March 13th, 2015
One last trip to Hua Lamphong train station on the MRT, full of the usual detached, cell-phone obsessed passengers, the air conditioning a reason in and of itself to take rapid transit in Bangkok to nowhere in particular.
A smattering of backpackers compliments the largely Thai working class passengers at the train station waiting to leave for their respective destinations. Today’s train ticket is relatively expensive, but then I think I am traveling in an elevated class.
With one hour to wait, I may as well visit the expensive cafe upstairs, where the deeply tanned European backpackers are holding court, the coffee is strong, and the croissant terrible.
An older Dutch man recounts his life disappointments. Earlier in his life he built a very specialized business in Malaysia, that upon the inception of the Bhumiputera laws was mandated within relatively short order to integrate Malays into a business that required highly specialized medical training and education. He – probably like many of his contemporaries – abandoned the country, and moved to Singapore.
He appreciates my sunny descriptions of his native country, but he would never consider moving back to his home town of Rotterdam, given that it has been completely overtaken by Muslims.
It is true that non-Dutch make up half of this amazing city, but the country at large only has a population of about 5% Muslims. Then the Muslim Moroccan-born mayor of the city is hardly the poster boy of Islamic fundamentalism, given the Dutch liberalism and pragmatism that he embraces. It is entirely beyond him how the Socialists that ran the country could justify ruining his country in this manner, but the Netherlands is a country he no longer has much hope for. As such, he is content to live deep in the countryside in the centre of the country, where he can live in the green, relatively undisturbed. As far as living in Malaysia is concerned, the Malay people were never uniformly Muslem until Mahathir Mohamad introduced the Bhumiputera laws.
Comfortable bucket seats that can be reclined, rotating ventilators, and windows that can be fully opened – what more can one ask of from a train! My French compatriots seated behind me are off on their whirlwind first trip through the country, en route to Hua Hin, but somewhat perturbed by the fact that the train has still not departed. And it probably won’t for a while, I tell them, given the experience I had last time I left the city by train, although I am secretly hoping the same fiasco doesn’t occur.
Our boredom is alleviated by the continual parade of food vendors passing through the train, although I balk at paying the relatively high food prices, especially considering that we are traveling to a far less costly region of the world. At least you won’t starve on the train, I tell them, although on the other hand, you wouldn’t necessarily want to eat all of the food being offered. Compared to French food, of course … the woman looks at me sadly, telling me she could really use a good Camembert. While a lot of European food products are available in the larger food stores in Thailand, the quality offered is low and relatively expensive.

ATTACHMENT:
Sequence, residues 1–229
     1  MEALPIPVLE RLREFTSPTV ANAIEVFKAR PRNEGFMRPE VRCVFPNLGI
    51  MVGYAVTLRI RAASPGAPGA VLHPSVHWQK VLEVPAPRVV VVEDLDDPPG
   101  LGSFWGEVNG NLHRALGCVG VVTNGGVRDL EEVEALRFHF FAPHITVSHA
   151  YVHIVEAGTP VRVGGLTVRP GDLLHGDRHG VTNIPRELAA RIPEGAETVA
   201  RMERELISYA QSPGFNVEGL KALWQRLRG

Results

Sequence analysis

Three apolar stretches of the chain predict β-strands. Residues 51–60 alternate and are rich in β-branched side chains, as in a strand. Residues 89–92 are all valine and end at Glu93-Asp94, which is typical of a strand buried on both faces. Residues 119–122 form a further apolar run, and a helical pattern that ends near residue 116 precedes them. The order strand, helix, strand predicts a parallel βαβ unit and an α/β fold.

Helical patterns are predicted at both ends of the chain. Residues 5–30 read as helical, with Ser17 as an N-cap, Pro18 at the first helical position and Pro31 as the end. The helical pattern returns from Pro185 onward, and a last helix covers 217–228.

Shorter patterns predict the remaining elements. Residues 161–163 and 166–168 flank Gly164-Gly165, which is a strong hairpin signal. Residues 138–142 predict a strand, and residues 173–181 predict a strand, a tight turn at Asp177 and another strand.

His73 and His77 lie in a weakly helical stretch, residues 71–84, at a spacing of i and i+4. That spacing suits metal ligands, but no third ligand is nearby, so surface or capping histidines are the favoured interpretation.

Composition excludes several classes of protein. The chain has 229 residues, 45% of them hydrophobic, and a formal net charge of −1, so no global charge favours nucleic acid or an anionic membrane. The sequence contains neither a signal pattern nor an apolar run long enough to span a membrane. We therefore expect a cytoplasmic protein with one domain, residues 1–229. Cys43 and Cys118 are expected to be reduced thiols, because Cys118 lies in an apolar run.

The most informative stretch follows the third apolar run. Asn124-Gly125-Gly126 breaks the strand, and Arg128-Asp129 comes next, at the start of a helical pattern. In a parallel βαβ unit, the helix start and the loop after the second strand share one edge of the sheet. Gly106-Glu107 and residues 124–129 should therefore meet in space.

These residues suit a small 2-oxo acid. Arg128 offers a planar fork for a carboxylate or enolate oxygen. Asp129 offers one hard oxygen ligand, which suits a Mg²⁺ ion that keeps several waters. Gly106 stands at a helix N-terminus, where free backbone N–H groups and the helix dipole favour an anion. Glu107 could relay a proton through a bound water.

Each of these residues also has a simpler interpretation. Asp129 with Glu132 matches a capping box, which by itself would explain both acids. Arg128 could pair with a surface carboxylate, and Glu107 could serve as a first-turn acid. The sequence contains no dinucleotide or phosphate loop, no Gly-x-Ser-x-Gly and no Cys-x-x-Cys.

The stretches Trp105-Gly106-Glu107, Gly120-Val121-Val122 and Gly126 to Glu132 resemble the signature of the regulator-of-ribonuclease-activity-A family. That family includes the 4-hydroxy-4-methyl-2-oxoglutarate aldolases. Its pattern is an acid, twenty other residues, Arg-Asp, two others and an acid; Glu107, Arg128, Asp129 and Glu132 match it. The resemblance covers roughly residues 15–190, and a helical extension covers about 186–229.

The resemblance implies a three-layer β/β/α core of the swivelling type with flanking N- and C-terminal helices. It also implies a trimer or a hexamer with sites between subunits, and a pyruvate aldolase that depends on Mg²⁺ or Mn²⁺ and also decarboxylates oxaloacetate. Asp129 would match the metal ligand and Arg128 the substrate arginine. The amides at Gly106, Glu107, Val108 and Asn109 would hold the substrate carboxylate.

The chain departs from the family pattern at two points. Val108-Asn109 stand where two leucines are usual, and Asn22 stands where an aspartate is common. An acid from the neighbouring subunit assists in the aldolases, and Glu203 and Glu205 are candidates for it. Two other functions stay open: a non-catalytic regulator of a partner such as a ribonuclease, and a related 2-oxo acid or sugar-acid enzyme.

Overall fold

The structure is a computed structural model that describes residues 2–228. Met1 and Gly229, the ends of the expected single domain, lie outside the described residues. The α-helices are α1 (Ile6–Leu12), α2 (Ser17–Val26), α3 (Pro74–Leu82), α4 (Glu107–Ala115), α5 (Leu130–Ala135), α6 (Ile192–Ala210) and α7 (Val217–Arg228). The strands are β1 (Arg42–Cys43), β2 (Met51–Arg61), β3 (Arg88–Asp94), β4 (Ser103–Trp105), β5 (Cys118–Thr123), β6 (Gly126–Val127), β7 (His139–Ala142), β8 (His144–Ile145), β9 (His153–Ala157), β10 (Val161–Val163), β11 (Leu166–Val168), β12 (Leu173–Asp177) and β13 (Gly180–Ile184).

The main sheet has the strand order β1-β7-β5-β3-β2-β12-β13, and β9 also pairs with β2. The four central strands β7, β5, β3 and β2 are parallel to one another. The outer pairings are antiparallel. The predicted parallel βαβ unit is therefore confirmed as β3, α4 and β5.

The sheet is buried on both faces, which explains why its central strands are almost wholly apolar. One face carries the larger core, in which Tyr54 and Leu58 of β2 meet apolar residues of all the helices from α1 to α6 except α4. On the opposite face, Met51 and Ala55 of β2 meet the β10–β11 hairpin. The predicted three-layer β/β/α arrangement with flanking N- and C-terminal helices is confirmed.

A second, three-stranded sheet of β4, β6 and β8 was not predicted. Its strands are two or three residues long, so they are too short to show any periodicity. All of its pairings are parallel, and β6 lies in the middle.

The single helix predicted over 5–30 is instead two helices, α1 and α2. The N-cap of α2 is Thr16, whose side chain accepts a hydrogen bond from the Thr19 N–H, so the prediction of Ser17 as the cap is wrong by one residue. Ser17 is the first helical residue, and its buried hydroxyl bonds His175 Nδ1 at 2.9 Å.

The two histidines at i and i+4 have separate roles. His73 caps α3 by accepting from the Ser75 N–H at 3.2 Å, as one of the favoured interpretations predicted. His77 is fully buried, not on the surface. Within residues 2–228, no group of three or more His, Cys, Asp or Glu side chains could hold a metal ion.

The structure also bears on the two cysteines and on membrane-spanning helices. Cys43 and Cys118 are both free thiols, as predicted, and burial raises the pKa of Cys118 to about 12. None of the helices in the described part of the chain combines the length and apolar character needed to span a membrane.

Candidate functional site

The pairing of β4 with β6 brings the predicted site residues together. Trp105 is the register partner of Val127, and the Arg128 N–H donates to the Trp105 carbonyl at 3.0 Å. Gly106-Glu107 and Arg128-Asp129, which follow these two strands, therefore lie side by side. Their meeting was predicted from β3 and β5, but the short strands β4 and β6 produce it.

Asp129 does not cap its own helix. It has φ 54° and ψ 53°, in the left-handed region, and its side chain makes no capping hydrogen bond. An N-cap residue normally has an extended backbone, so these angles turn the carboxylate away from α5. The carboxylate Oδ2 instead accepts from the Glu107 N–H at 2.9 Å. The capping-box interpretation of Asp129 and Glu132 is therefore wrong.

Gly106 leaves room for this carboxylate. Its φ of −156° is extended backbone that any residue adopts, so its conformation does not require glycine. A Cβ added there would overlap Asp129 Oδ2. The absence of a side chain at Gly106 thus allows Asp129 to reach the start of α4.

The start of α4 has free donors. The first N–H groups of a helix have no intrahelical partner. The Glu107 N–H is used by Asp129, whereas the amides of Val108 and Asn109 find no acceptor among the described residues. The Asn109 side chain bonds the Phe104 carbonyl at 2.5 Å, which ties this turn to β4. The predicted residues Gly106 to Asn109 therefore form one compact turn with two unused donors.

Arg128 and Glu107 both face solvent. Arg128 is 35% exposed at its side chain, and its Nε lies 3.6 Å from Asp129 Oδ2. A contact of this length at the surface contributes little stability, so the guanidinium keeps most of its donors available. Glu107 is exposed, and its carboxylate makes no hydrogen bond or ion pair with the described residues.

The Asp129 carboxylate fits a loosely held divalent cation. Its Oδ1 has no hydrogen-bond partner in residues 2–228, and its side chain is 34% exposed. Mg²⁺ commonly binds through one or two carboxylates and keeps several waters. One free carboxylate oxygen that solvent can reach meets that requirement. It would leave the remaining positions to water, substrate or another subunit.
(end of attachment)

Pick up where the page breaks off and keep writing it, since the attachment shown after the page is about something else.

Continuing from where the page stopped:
We arrive in Bang Sue station, and it occurs to me we are actually heading north rather than south. I panic slightly, thinking we may have gotten on the wrong train, but the man behind me assures me we are in fact heading towards Phetchaburi. Enormous pylons being erected along the train tracks indicate the degree to which the city is investing in expanding rapid transit, to the point that it will blanket the broader city, which is almost unthinkable for any city in Southeast Asia other than of course Singapore. Rapid transit is far more costly than the bus here, but then the quality of transport is far superior and faster – and judging by the crowds on the MRT and BTS, it hardly lacks customers.
The train eventually arcs to the west, through characterless swaths of concrete mixed with ramshackle residential dwellings, crossing several canals, the broad Chao Phraya river, and then finally southward, stopping occasionally at some brand new train stations before gathering momentum and in finality leaving the confines of Bangkok.
We merge into the green countryside, replete with cropland and orchards. My initial protestations about not wanting to buy the food on the trains changes as my stomach begins growling mercilessly, the French mocking me for my inconsistency. Given what I have done to my budget, I will have to save half of the Styrofoam container with rice and tasteless fried ground chicken for later in the evening, the Frenchman instructs me with a knowing look. As we pass from station to station, the formerly empty train fills, later on in the trip almost every seat taken.